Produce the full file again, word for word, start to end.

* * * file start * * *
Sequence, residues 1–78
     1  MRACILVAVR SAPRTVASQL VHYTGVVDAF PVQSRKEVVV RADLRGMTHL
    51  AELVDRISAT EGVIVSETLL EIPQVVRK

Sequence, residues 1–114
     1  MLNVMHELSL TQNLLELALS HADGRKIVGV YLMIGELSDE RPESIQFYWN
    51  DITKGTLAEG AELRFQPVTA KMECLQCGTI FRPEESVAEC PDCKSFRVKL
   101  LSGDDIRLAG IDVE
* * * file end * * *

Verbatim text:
Sequence, residues 1–78
     1  MRACILVAVR SAPRTVASQL VHYTGVVDAF PVQSRKEVVV RADLRGMTHL
    51  AELVDRISAT EGVIVSETLL EIPQVVRK

Sequence, residues 1–114
     1  MLNVMHELSL TQNLLELALS HADGRKIVGV YLMIGELSDE RPESIQFYWN
    51  DITKGTLAEG AELRFQPVTA KMECLQCGTI FRPEESVAEC PDCKSFRVKL
   101  LSGDDIRLAG IDVE